Service learning is traditionally defined as a curricular based activity that integrates community service into classroom instruction. Often linked to and grounded in John Dewey’s and David Kolb’s experiential education, the field of service learning is contemporaneous with the rise of the civil rights movement and the insistence that education be linked to democratic practices and social justice.
Service learning has become an ever more accepted and institutionalized component of K–16 education. As of 2004, more than one-third of K–12 schools provided service learning activities to 5 million students, and approximately 1,000 colleges and universities were members of Campus Compact, a national organization committed to the civic purposes of higher education. Service learning may be viewed as an extension of the federal mandate given to land-grant institutions in the mid-1800s and eloquently articulated in the “Wisconsin Idea”: that the boundaries of the university are the boundaries of the state.
Although tutoring and one-day service projects are the most common service learning models practiced both in K–12 and higher education, other formats include alternative spring breaks and community based research. Service learning in higher education is most commonly practiced in disciplines and fields such as education, social work, English, and sociology; however, an American Association of Higher Education series on service learning and higher education spans twenty-three disciplines ranging from accounting to economics to women’s studies.
Service learning is grounded in four criteria: respect for the individuals, groups, and communities being served; reciprocity of services such that all stakeholders have a voice in the format and direction of the service learning experience as well as gain from such engagement; direct relevance of the service learning experience to the curricular content of the academic course; and ongoing and systematic reflection upon the experience of the service. Service learning is often viewed as a “text” that, like any other curricular artifact, may be read, analyzed, and questioned to better inform the pedagogical process and curricular content of the academic course.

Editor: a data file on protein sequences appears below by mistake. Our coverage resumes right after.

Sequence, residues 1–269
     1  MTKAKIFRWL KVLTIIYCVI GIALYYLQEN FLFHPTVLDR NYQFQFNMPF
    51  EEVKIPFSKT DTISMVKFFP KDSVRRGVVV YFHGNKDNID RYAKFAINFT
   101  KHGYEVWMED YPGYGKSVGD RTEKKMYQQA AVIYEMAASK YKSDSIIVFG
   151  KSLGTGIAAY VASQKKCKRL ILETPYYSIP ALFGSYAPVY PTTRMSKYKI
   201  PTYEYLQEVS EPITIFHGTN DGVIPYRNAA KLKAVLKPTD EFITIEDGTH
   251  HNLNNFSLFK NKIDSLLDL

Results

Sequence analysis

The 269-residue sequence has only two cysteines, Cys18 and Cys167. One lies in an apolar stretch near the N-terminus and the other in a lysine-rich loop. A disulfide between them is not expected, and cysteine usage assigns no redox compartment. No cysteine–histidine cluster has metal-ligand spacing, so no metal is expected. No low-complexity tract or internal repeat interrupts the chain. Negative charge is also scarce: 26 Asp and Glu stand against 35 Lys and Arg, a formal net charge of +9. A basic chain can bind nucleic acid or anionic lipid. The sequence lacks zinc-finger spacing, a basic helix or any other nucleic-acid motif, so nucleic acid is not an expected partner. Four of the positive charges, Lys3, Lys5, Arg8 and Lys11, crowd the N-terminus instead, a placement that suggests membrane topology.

This raises three fundamental tensions within contemporary service learning theory and practice. The first tension revolves around goals: whether service learning is a technical practice that improves the teaching of content knowledge; a cultural practice that improves participants’ notions of, for example, civic engagement and cultural diversity; or a political project meant to promote a justice-oriented perspective of and engagement with inequitable local and global conditions.
The second tension focuses on the appropriate methods for promoting meaningful and effective service learning. Service learning is most often short-term and focused on immediate needs (e.g., a certain number of students are needed to tutor youth in an after-school program for a 14-week semester). This individualistic “charity” orientation is viewed by many as an inadequate model for fostering both systemic and systematic changes, but there are as yet few prominent examples where service learning is embedded in the very mission and vision of the educational institution rather than being an add-on to individual or departmental practices.
Finally, service learning is often positioned as a cocurricular practice that is not academic or rigorous enough to be taken seriously in the traditional research and publication emphasis of tenure and promotion committees. This is exacerbated by service learning’s predominant cocurricular institutional placement, such as under the Dean of Students. The prevalence of alternative monikers and emphases (e.g., “academic service learning,” “community-based learning”) attests to this attempted legitimization.
Two distinct movements, though, suggest that service learning will continue to develop across K–16 education (while still beset by the tensions described above). First, there is a long-standing and ongoing federal involvement in and financing of service learning practices in K–16 education. Second, there is renewed interest in higher education with a “scholarship of engagement”—for example, undergraduate research, the scholarship of teaching and learning, community-based research, experiential education, action research—that dovetails with emphasis on service learning’s activity-based and real-world learning.
- Boyer, E. (1990). Scholarship reconsidered. Princeton, NJ: Carnegie Foundation for the Advancement of Teaching.
- Dewey, J. (1997). Experience and education. New York: Free Press. (Originally published in 1938)
- Kolb, D. A. (1984). Experiential learning: Experience as the source of learning and development. Englewood Cliffs, NJ: Prentice Hall.
- Campus Compact: http://www.campuscompact.org
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